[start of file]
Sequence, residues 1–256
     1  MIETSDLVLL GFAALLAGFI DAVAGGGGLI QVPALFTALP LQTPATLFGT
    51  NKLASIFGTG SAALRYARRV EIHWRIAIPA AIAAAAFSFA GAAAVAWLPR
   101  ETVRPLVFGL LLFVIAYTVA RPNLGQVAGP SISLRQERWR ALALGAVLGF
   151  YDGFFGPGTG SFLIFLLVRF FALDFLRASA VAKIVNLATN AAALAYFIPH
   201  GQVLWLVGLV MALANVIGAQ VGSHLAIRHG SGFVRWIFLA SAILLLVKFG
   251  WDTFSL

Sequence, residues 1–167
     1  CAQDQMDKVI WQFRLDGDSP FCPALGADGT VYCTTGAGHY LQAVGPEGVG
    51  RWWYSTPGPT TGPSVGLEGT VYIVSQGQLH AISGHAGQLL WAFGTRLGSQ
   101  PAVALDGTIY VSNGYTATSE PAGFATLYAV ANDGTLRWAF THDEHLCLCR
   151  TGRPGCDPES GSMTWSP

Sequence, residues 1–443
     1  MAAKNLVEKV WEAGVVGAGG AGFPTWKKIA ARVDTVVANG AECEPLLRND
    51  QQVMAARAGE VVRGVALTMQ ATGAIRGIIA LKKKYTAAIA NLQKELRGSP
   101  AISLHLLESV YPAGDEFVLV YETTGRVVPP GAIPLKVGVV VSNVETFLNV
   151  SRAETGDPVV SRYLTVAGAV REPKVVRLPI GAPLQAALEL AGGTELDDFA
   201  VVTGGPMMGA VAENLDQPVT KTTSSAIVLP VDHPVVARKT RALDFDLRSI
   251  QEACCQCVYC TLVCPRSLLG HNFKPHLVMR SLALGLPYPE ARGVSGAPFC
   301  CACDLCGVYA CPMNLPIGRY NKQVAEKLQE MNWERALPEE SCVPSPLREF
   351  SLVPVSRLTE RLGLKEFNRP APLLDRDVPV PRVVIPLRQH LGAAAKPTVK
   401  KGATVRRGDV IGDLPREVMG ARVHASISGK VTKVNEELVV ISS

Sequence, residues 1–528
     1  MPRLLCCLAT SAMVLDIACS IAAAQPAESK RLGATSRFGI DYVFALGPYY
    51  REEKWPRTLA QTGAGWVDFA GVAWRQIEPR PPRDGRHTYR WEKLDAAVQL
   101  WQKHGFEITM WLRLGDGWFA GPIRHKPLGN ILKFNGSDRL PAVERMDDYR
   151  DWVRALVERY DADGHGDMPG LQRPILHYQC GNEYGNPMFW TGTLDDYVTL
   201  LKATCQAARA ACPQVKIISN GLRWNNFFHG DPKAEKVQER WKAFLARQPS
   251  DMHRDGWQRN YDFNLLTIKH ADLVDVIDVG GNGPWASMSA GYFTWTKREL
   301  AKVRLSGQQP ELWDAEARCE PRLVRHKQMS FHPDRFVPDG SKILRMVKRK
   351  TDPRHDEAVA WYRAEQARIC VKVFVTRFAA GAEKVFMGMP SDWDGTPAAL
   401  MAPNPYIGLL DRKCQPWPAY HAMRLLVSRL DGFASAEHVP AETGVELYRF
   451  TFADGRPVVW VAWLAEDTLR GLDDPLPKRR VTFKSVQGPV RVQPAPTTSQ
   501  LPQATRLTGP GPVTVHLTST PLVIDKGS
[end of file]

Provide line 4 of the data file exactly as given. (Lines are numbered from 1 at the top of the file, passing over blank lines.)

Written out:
   101  ETVRPLVFGL LLFVIAYTVA RPNLGQVAGP SISLRQERWR ALALGAVLGF